Virginia’s head coach Dom Starsia has complained about the NCAA’s ruling as often and as loudly as he can since the decision was announced. And in response, I’ll offer a prediction.

If Duke does win it all, Starsia will act just like that annoying friend of yours who makes excuses whenever he loses in pickup basketball: “Well, of course they won. They had an unfair advantage.” But you didn’t see him turn away Peter Lamade, one of the “super-seniors” awarded an extra year when he transferred to Virginia, and you won’t see Lamade sitting on the bench this weekend, and you certainly won’t hear any apologies for reaping the benefits of that “unfair advantage” if the Cavaliers take home the title.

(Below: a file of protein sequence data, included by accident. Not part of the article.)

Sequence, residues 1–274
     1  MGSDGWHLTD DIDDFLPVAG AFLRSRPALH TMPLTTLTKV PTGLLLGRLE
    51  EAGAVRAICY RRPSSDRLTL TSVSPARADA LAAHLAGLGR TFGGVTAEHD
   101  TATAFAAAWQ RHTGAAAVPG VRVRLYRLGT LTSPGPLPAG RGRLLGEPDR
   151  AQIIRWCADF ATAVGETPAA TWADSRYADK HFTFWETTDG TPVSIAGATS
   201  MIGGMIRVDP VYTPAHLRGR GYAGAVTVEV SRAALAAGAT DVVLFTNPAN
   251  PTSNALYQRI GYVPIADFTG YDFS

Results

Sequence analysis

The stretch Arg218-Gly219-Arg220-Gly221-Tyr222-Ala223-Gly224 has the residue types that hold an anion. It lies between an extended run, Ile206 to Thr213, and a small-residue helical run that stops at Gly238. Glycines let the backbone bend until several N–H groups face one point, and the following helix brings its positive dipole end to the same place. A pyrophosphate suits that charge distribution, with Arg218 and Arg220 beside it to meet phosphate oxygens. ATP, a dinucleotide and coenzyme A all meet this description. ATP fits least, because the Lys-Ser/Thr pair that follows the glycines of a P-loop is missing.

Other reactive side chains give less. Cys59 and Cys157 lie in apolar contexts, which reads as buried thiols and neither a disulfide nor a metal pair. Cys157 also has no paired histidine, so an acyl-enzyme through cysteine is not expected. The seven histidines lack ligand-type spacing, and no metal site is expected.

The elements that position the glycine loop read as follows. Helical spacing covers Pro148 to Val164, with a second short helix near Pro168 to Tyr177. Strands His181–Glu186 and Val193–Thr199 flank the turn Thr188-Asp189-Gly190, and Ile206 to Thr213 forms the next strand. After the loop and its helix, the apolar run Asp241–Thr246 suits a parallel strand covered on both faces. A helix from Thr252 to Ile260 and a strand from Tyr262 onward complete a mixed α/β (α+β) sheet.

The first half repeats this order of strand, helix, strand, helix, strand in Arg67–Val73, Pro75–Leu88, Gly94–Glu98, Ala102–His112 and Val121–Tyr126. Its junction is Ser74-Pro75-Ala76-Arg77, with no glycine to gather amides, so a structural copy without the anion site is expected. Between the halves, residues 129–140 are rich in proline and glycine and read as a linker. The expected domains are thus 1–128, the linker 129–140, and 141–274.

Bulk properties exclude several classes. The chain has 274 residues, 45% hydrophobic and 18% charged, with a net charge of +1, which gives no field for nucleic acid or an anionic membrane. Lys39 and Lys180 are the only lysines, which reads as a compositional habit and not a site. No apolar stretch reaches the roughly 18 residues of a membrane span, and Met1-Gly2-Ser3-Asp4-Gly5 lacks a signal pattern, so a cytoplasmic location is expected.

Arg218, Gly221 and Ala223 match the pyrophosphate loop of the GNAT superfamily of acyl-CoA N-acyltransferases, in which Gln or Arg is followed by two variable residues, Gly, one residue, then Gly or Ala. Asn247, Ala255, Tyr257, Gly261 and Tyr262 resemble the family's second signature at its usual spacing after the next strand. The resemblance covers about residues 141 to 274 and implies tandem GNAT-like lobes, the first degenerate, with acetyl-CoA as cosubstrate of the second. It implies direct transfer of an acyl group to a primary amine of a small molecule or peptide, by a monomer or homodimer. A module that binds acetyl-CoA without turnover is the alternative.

Perhaps I’m coming down too hard on one side (obviously, this post is more of a column than a feature, preview or game story). For another take on it, read Patrick Hite’s column on ACCNation.com, a piece that earned him a seat on Outside the Lines today to discuss this issue. Also check out the ESPN.com poll currently posted posed the question “What’s your opinion of the NCAA decision granting Duke lacrosse players an extra year of eligibility?” Eighty-three percent voted “Prudent and compassionate” over “Hasty overreaction.”

None of these players deserved what happened to them two years ago. And none of them want to win a championship unfairly, either. They didn’t make the trip to Boston this weekend to stir up more controversy and grab more headlines. They’re here to play lacrosse, something which was once taken from them. The fact they’re here, to me, seems like a wrong that’s been righted.

–by Matthew Iles

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A History Lesson: Duke-Johns Hopkins April 5